Civil Unions in Illinois
This week marked an historic moment for civil rights in Illinois, and another step closer to legal equality for the LGBT community in the United States. On Wednesday, June 1, civil unions for partners of the same sex became legal in Illinois (including the option for couples of the opposite sex, as well). It became legal for couples to apply for their licenses on Wednesday, and after a 24-hour waiting period, they were able to have their civil union ceremonies.
There have no doubt been setbacks and knockdowns for the LGBT rights movement, but what I witnessed yesterday was definitely a glass half-full moment. Thursday in downtown Chicago, Illinois Governor Pat Quinn and newly-elected mayor Rahm Emmanuel attended the civil unions of 36 couples on a beautiful Windy City morning.
I had the great opportunity to see both the signing of this bill earlier in the year and this mass civil union ceremony presided over by five judges, with the couples having their ceremonies in waves. The most touching part was the number of people who lined up around the gates of the Park, complete strangers, gay and straight, of all ages and types there to cheer on the couples. Yes, there were the requisite protesters, but in a number I could count on one hand, and they were the ones who seemed out of place among so much love and joy.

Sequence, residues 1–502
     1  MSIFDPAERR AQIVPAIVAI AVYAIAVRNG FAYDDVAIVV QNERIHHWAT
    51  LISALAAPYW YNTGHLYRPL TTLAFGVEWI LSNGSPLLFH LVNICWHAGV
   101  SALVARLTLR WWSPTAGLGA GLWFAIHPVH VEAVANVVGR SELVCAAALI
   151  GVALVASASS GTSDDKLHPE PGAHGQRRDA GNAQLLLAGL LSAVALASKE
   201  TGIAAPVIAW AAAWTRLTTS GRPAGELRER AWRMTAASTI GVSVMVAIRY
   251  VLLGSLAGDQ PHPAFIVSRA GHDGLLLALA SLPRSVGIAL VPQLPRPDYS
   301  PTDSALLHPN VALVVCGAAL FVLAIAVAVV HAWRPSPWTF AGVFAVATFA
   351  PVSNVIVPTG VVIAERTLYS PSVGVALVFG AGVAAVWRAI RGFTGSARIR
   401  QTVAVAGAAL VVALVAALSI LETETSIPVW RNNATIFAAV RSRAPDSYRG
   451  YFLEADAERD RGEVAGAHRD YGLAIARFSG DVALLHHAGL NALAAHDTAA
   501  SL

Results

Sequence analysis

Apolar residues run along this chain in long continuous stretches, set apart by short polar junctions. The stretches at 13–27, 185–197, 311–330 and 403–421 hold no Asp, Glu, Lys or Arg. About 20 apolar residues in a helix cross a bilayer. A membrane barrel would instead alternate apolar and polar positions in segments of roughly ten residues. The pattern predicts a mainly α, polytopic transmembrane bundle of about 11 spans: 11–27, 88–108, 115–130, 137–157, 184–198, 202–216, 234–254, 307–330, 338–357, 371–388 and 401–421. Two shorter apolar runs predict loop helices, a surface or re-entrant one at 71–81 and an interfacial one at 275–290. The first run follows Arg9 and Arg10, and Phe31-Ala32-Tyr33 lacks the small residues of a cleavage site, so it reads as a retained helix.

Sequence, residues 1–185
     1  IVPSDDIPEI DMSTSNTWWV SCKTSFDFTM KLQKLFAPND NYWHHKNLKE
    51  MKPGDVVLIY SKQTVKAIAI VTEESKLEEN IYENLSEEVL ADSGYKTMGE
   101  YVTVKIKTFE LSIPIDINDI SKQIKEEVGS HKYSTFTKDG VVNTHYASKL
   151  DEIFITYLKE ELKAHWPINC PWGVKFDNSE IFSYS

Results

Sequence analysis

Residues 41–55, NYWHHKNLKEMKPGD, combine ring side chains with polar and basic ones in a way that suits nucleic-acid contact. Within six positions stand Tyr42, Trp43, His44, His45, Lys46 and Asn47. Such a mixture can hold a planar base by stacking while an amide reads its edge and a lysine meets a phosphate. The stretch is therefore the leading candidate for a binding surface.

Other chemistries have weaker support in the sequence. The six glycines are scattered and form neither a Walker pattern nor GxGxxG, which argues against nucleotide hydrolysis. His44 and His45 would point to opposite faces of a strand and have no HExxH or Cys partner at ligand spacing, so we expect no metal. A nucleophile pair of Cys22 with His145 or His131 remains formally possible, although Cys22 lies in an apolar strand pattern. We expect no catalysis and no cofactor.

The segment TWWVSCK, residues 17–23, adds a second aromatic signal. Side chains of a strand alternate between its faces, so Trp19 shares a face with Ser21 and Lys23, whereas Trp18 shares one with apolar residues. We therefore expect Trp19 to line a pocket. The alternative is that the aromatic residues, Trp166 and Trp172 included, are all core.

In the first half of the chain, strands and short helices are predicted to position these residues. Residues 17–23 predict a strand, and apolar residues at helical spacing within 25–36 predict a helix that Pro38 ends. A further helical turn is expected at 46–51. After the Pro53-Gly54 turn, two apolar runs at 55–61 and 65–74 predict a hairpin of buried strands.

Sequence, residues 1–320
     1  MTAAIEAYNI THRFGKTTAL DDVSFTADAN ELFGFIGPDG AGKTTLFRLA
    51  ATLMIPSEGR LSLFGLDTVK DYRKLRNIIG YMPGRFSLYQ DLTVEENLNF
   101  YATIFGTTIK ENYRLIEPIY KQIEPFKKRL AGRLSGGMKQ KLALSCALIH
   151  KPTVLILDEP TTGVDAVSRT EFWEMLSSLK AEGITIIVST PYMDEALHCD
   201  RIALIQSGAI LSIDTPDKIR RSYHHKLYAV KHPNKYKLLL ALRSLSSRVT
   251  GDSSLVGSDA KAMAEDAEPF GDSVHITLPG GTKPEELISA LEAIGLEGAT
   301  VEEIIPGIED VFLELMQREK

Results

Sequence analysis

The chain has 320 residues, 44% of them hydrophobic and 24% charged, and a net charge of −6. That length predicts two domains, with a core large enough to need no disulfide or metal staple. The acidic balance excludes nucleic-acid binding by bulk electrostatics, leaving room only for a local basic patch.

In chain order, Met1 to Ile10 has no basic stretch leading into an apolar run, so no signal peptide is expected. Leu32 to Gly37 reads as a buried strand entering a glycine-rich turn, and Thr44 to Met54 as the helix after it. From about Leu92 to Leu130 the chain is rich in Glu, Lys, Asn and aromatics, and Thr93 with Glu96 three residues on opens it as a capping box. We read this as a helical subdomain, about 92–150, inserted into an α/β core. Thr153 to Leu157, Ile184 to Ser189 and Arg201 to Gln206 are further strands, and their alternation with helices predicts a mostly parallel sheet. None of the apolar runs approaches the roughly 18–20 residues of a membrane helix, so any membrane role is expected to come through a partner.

I share the opinion of many that it is not until full marriage equality, and not just civil unions, is a right across this country that there will there be equality in terms of legal recognitions of same-sex partnerships. And yes, I also agree that it is unfair to classify these unions under a different name than marriage, and sets them on a level that is still unequal with opposite-sex unions. But nonetheless, I believe that every step toward equality is valid and provides hope. An all-or-nothing attitude will lead to nothing but little accomplishment, and for me to stand up and say that I think that we should accept nothing but full marriage equality continues to deny the practical reasons that many couples, right now and today, want to not only validate their love with a form of recognition by their government, but also for the very real legal protections and realities that it provides for them.
No one wants to be treated like a second-class citizen, and not calling these unions marriage is unfair, but it is a move in the right direction. These steps in the right direction, one at a time, further the movement towards full acceptance and equality in all realms. For the first time in the history of its polling on same-sex marriage, the majority of Americans are in favor of such unions. The chart that shows the change in opinion is extraordinary to look at.
Yes, there may be more setbacks, but I really believe that we come closer and closer to a recognition that is only right and fair. One day (I pray sooner than later), marriage equality will be the law of the land, but until then, gains like the one I witnessed this week are a welcome sign of a hopeful future.
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